Imagine getting on your bike in Bakersfield and riding all the way to Merced. You follow mostly separated and low-stress routes. Along the way, you pass through large and small Central Valley cities like Wasco, Porterville, and Madera.
Maybe you visit some rose gardens in Wasco, whose farmers grow a majority of all the roses grown in the United States. Or you detour for a few miles to check out some wineries on the Madera Wine Trail. You connect with High-Speed Rail (HSR) stations in Bakersfield, Fresno, and Merced. That’s the vision of the Central Valley Passage, a long-distance bicycle route proposed by CalBike’s Central Valley Project Team.
For much of 2020, CalBike, in partnership with the Kern Council of Governments, worked to plan active transportation connections to the planned HSR stations in Bakersfield, Fresno, and Merced. The project gets funding from a Caltrans Sustainable Transportation Planning grant.
The team’s most ambitious plan is a proposal for a long-distance bike route from Bakersfield to Merced, the Central Valley Passage. Once built, this bikeway will be an essential car-free connection in the Central Valley and an economic engine.
Bringing bicycle tourism to the Central Valley
The Central Valley Passage, once all segments are complete, will include about 265 miles of connected, low-stress bikeways. The route will attract bike riders who want the fun and challenge of a multi-day ride. Bicycle tourism can bring an influx of revenue for businesses in cities and towns along the route.
The Central Valley Passage isn’t only an asset to the cities in the valley. It is a much-needed amenity in California, where long-distance routes often involve segments along the shoulders of busy roads. A long-distance route that’s gentle enough for riders of all levels, with many places to stop along the way, will help more people experience the joy of traveling by bike.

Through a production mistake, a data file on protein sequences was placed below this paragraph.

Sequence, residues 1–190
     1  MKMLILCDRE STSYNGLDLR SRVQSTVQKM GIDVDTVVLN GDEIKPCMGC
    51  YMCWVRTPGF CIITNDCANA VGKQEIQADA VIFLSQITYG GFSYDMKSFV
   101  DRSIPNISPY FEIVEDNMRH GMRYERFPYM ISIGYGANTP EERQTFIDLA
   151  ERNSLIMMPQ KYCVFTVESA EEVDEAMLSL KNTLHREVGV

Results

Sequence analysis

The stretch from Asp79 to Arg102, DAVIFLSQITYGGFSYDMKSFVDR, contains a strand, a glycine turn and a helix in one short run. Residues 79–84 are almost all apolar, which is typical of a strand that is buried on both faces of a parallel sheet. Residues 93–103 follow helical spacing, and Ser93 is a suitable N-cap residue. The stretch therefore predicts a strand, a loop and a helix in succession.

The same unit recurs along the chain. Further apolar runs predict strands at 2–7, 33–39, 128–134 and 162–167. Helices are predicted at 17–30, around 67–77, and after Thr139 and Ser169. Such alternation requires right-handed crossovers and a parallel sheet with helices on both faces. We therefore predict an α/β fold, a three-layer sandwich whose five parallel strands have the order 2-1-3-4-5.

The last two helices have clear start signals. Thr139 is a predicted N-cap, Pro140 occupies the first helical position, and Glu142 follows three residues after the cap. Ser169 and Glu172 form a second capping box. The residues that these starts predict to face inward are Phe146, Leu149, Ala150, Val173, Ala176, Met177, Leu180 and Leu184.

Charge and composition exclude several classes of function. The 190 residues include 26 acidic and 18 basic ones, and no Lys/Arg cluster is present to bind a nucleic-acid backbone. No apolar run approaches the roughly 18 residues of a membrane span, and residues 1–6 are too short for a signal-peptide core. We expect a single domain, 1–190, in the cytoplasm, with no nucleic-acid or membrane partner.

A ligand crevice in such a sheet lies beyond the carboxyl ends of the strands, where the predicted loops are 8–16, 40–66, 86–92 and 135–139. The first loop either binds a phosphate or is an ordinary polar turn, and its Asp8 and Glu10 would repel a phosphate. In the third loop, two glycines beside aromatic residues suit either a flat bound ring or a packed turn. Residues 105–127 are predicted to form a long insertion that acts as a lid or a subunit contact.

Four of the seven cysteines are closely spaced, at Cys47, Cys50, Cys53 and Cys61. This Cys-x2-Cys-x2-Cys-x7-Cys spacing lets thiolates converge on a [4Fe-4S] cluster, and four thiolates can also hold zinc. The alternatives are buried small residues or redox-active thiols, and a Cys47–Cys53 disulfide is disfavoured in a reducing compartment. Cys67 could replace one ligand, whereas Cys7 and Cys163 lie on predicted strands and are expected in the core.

Since the route will connect to the High-Speed Rail stations, visitors can reach the route by train. It’s a perfect recipe for a low-carbon vacation.
Vital connections for Central Valley residents
This long-distance route has even more significant benefits for the local community. The team designed the segments to connect suburbs to urban centers, so residents can use the routes to commute to work or travel between cities.
California has a poverty rate of 13%. Kern, Fresno, and Merced counties have poverty rates of 20% or more. Access to more affordable transportation options will promote social equity, particularly in areas that are poorly served by transit.
In addition, increased bicycle mode share will improve the health of all Central Valley residents. Air quality in the San Joaquin Valley doesn’t meet EPA standards. Half the region’s toxic pollution is caused by burning fossil fuels for transportation. Low-stress bike connections will give residents more choices to get around without adding to the region’s air pollution problem. Also, the physical activity of bicycling improves the health of people who are able to ride.
This ambitious plan is just one of the proposals that CalBike’s team has created to make the Central Valley more bikeable. For more on the project, visit our Central Valley Project pages.